There are many areas in our life that need to be managed – the space around us, our finances, our time. In defence of our sometimes messy environment, Albert Einstein comes with his: “If a cluttered desk is a sign of a cluttered mind, of what, then, is an empty desk a sign?” 🙂 But with the matters that remain, we have to deal with them ourselves.
What about time management?
There is not one golden rule, instead, we have a couple of models and some strategies. The theories are sometimes divergent – doing easy and tiny tasks immediately or creating some order and a special algorithm. Find time to relax or develop ourselves? Or develop ourselves while relaxing?
We have a lot of techniques to choose from:
– Backlog, to do, in progress, done – do these sound familiar? Yes, the good old fashioned kanban board
– Tracy’s Famous „Eat the frog” starting with the most difficult task, planning and avoiding procrastination
– Allen’s no less popular „Getting things done” acting immediately with 2-minute small tasks
– Time-boxing – structuring or maybe rather the restructuring of our day by placing duties in boxes
– Eisenhower Method – evaluating what is important and urgent/important but not urgent/not important but urgent/not important and not urgent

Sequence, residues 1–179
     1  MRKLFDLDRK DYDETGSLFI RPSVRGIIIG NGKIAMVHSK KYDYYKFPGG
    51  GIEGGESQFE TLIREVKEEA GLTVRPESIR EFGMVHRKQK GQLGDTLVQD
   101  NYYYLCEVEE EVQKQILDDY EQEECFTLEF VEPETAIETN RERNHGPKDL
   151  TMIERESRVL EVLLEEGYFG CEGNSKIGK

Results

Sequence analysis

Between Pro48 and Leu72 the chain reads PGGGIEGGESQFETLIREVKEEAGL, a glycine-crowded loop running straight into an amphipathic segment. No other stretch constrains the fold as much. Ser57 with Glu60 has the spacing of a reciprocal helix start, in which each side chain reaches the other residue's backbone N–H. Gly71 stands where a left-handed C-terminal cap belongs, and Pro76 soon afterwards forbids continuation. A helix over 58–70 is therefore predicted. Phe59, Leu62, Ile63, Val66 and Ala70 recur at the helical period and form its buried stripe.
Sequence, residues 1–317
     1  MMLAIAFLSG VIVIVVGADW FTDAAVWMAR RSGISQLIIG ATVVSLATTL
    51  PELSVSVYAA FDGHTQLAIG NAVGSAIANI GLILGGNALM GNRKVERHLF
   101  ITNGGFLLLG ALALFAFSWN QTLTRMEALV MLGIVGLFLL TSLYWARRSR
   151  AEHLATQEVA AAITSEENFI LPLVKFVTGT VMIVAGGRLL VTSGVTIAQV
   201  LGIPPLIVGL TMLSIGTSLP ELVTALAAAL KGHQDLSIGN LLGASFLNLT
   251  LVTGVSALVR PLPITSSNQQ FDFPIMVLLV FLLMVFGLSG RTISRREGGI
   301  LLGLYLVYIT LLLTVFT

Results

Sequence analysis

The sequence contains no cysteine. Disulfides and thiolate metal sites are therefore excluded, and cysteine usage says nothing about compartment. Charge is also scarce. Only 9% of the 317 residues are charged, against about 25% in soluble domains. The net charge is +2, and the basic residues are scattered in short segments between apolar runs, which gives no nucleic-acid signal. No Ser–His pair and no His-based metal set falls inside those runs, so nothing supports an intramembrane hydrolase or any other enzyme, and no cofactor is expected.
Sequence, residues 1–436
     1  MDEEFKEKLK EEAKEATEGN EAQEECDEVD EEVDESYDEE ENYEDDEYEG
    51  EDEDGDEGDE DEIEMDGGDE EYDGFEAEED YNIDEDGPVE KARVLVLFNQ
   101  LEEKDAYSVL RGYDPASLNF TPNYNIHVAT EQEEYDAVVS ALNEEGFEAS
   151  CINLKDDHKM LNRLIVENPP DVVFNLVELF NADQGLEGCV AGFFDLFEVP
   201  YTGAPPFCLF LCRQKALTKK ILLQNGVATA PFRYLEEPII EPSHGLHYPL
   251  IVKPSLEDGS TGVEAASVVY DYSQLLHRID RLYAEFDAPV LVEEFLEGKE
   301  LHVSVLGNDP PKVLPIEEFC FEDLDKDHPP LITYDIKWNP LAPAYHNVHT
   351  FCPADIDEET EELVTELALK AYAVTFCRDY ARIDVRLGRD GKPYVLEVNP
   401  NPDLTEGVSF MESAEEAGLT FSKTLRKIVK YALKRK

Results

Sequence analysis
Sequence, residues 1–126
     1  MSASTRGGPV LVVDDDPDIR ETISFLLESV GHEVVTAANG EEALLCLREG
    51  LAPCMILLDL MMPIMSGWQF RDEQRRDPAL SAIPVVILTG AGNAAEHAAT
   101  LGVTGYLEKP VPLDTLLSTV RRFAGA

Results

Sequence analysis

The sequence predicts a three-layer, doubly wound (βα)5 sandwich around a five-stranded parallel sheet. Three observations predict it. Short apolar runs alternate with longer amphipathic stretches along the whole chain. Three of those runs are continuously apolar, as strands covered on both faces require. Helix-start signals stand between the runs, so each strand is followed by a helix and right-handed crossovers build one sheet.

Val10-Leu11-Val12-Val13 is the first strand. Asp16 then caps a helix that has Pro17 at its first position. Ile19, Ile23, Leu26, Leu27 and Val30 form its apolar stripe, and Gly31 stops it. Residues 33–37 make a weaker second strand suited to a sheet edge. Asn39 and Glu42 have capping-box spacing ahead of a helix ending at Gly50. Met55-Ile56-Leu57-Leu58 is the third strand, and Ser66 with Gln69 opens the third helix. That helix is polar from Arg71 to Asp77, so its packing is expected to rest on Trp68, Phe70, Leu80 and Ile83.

– The 4D system – deciding what to do/to delegate/to delay/to delete
– The 80/20 rule, also called the Pareto principle – stating that 80% of our results come from 20% of our activities
– Pomodoro techniques by F. Cirillo – taking 5 minute breaks after 25 minutes of work, plus a 20 minute break after 4 sessions and of course, there are many, many others.
What seems to be common in every strategy is the aim of keeping us focused, concentrated and making tasks clear and manageable.
There is lots of advice, recipes and tips. But it’s not about surviving, it’s about living every day, elaborating on the method we use to deal with daily duties. This will depend on our experience, knowledge, temperament and personality.
But don’t lose yourself in permanent prioritization, take a look at some interesting computer insights:
The most important thing in the time management process is to start.
Brendon Burchard, the author of „High-performance habits” wrote, „You and I both know that ‘one day’ really means ‘never’”.
Sometimes, we can fall into the trap of resignation and discouragement about how our time management can be effective by comparing it with others. She has a nanny, so she has more free time to manage, he has more connections, so he has more possibilities, they had rich parents so their lives are already well managed.
„Everybody has 24 hours in a day and the question is, what do you do with your 24 hours? That’s what makes everybody equal.” (Stedman Graham)